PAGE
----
- 13. See Robert A. Rees, “Joseph Smith, the Book of Mormon, and the American Renaissance,” Dialogue: A Journal of Mormon Thought 35, no. 3 (2002): 83–112; Robert A. Rees, “Joseph Smith, the Book of Mormon, and the American Renaissance: An Update,” Interpreter: A Journal of Mormon Scripture 19 (2016): 1–16. For a comparison of Joseph Smith’s translation of the Book of Mormon with John Milton’s dictation of Paradise Lost, see Robert A. Rees, “John Milton, Joseph Smith, and the Book of Mormon,” BYU Studies Quarterly 54, no. 3 (2015): 6–18.
- 14. Rees, “John Milton, Joseph Smith, and the Book of Mormon,” 12.
- 15. See Wayne A. Larsen, Alvin C. Rencher, and Tim Layton, “Who Wrote the Book of Mormon? An Analysis of Wordprints,” in Book of Mormon Authorship: New Light on Ancient Origins, ed. Noel B. Reynolds (Provo, UT: Religious Studies Center, Brigham Young University, 1982), 163; John L. Hilton, “On Verifying Wordprint Studies: Book of Mormon Authorship,” in Book of Mormon Authorship Revisited: The Evidence for Ancient Origins, ed. Noel B. Reynolds (Provo, UT: FARMS, 1997), 253, n. 22; Paul J. Fields, G. Bruce Schaalje, and Matthew Roper, “Examining a Misapplication of Nearest Shrunken Centroid Classification to Investigate Book of Mormon Authorship,” Mormon Studies Review 23, no. 1 (2011): 107.
- 16. For Joseph Smith’s limited education, see Book of Mormon Central, “Why Would God Use an Uneducated Man to Translate the Book of Mormon? (2 Nephi 27:19),” KnoWhy 397 (January 9, 2017). It’s possible that multiple 19th century authors could have collaborated on such a project, but that only makes the historical argument more difficult to sustain. There is simply no valid historical evidence that any of these individuals, let alone a group of them, conspired to fabricate the Book of Mormon. Furthermore, it is difficult to imagine that not just one, but two or more writers would be able to successfully mask their personal writing styles in a way that would be undetectable by the stylometric analysis. Besides, even with a few more collaborative writers in the mix, this scenario would still require them to jointly produce a book with greater character diversity than the composite diversity achieved by four of the best novelists of their day, and from eight of their novels combined.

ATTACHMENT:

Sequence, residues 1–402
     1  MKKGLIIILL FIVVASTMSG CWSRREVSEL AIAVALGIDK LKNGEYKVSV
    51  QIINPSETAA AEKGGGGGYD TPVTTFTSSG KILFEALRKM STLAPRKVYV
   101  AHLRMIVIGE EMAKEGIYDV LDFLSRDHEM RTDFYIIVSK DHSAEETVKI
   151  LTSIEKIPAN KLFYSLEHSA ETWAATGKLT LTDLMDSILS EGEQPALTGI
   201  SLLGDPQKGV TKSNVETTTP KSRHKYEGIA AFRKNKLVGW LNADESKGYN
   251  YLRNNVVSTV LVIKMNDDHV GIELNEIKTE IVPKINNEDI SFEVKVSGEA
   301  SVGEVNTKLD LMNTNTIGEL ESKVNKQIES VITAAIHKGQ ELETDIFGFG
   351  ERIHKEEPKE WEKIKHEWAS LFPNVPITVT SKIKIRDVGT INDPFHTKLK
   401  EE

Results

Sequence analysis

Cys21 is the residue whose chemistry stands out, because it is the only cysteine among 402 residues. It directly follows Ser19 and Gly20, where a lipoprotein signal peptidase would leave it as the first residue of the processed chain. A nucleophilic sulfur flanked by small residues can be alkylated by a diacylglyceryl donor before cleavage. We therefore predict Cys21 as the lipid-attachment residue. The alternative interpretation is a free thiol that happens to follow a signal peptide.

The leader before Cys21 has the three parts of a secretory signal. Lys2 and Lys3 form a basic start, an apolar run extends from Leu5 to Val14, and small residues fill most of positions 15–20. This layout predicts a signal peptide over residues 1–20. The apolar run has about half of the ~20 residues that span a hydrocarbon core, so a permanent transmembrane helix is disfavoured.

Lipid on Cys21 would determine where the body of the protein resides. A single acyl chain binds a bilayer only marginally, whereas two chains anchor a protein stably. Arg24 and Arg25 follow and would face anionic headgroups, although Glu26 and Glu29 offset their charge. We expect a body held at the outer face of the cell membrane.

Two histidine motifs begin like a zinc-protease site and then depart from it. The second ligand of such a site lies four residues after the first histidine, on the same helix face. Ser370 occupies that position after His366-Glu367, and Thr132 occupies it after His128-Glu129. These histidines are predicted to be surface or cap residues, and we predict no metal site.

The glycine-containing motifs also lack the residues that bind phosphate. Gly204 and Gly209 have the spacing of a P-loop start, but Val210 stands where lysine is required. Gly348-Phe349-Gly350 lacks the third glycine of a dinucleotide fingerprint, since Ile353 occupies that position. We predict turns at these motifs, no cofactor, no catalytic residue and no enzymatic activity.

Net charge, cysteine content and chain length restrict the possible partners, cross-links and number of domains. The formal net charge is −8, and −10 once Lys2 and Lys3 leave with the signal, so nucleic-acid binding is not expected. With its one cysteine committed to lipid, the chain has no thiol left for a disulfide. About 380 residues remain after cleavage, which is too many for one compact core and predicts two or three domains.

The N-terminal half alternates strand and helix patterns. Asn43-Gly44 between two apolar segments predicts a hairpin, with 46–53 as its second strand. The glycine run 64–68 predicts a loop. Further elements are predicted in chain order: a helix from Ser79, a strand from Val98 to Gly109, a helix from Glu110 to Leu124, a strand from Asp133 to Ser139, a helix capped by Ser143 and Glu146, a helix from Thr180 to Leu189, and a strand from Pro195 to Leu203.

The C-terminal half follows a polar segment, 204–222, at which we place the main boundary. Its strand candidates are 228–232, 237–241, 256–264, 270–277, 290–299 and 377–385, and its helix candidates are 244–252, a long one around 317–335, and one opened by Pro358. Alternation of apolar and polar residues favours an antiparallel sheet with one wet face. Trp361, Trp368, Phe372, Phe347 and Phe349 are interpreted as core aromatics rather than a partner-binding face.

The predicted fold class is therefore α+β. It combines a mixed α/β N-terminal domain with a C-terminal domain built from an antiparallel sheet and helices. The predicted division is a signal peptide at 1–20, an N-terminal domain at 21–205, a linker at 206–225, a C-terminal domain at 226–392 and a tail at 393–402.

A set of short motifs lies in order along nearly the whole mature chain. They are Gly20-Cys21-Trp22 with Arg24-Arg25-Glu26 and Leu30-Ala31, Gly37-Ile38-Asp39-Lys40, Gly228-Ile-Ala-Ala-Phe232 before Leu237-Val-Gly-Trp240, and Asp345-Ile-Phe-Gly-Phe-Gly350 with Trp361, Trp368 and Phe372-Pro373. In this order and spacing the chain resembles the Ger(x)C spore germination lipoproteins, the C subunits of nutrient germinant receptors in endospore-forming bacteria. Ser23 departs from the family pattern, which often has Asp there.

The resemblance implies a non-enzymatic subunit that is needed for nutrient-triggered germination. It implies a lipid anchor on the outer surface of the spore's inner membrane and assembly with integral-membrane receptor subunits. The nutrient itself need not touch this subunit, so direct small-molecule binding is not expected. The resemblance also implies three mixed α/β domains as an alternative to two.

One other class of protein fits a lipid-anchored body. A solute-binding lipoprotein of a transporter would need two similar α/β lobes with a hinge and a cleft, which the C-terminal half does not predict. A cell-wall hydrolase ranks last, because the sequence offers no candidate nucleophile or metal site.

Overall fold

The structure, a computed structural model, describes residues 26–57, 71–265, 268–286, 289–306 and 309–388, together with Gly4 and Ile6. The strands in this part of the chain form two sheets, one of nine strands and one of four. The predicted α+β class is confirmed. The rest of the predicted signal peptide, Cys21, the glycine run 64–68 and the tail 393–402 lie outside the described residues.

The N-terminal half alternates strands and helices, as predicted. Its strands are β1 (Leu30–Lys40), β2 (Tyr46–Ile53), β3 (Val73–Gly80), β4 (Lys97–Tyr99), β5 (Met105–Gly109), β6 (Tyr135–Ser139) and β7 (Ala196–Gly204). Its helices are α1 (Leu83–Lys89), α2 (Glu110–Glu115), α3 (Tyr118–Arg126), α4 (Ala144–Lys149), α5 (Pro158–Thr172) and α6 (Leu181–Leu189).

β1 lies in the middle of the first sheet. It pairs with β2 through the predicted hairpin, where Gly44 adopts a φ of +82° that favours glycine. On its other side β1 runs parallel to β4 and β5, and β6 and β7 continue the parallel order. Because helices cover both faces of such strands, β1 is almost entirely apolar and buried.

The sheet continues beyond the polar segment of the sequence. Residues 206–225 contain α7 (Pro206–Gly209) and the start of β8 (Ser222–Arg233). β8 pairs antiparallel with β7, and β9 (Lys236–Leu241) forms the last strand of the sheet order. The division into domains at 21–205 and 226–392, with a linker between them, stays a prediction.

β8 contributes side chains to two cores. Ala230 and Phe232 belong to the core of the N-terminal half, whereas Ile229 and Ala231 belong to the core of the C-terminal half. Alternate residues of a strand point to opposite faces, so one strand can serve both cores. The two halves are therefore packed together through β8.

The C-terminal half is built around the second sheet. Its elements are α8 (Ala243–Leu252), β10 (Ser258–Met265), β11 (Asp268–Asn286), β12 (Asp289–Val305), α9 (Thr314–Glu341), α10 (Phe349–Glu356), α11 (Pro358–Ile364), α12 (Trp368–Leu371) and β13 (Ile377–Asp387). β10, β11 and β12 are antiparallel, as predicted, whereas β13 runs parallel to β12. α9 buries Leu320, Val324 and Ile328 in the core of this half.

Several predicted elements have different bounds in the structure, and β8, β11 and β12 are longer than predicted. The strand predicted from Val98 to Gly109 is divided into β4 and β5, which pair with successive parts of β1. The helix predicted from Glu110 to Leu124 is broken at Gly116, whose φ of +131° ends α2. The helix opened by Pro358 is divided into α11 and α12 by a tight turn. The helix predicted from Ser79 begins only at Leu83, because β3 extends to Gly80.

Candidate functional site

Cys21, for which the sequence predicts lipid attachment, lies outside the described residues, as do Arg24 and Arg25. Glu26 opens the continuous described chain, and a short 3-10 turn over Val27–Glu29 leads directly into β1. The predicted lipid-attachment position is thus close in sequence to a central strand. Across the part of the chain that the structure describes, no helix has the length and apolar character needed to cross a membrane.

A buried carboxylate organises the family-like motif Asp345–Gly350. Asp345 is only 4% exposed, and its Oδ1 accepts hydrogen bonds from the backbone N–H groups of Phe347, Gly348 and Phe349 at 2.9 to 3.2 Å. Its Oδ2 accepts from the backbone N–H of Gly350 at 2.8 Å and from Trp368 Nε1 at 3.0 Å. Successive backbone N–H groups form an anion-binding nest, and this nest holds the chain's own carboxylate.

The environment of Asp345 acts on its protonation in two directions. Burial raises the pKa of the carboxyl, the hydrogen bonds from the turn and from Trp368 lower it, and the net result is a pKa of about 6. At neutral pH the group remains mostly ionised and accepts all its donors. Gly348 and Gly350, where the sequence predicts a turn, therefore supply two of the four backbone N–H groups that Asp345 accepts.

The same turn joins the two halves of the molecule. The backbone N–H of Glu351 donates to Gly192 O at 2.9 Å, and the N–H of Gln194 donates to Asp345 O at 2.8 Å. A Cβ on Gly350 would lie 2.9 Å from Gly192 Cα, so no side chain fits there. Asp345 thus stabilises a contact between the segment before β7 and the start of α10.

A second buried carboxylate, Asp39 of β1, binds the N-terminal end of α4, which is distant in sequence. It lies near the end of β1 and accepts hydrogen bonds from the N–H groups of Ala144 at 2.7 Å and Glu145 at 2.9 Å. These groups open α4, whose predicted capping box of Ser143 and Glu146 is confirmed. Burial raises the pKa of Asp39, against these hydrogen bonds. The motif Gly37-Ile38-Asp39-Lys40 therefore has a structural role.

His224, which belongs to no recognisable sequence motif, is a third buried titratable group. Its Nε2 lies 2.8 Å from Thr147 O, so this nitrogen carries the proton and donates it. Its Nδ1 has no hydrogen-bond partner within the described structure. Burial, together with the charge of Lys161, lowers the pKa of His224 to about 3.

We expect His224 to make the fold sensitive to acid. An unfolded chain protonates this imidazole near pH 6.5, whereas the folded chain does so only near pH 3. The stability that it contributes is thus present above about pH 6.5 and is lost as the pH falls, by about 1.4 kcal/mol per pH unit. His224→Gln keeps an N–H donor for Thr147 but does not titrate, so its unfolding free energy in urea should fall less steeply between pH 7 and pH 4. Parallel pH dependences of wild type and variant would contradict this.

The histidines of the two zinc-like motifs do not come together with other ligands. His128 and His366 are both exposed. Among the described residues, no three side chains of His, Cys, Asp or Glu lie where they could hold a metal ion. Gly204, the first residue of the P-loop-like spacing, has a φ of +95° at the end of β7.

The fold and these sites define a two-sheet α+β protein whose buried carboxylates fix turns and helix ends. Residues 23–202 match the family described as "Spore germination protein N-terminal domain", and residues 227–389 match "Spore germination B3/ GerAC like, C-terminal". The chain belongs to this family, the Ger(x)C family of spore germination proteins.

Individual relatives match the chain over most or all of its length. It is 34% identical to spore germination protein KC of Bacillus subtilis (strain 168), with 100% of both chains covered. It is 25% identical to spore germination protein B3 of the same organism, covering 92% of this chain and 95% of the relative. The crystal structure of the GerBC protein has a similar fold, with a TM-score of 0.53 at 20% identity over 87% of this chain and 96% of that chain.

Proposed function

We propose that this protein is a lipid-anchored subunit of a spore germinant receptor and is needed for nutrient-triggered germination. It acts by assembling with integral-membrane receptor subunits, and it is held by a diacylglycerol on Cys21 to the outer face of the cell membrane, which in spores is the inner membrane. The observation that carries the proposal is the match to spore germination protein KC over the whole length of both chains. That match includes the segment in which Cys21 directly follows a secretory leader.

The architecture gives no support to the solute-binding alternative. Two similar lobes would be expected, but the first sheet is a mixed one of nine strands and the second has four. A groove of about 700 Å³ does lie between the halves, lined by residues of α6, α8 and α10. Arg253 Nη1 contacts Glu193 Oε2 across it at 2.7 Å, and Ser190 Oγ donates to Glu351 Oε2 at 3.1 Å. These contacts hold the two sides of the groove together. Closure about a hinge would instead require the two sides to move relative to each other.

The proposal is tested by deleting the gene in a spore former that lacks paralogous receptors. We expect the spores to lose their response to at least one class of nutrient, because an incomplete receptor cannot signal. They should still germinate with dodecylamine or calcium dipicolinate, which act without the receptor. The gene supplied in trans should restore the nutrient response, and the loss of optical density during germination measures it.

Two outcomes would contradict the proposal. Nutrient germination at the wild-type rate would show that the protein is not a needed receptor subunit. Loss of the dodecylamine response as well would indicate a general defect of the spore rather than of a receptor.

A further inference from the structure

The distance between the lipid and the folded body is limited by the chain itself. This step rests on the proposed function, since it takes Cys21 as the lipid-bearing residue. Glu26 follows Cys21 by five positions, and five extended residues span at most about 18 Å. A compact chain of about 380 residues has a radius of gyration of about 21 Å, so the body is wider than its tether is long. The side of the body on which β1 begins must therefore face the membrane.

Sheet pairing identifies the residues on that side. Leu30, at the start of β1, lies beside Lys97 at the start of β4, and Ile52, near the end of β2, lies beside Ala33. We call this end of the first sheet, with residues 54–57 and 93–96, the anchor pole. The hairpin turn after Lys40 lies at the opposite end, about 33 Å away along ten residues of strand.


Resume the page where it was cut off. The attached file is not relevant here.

- 17. For the appropriateness of searching out and using such evidences to support and supplement faith, see Jeffrey R. Holland, “The Greatness of the Evidence,” Chiasmus Jubilee, August 16, 2017, online at bookofmormoncentral.org.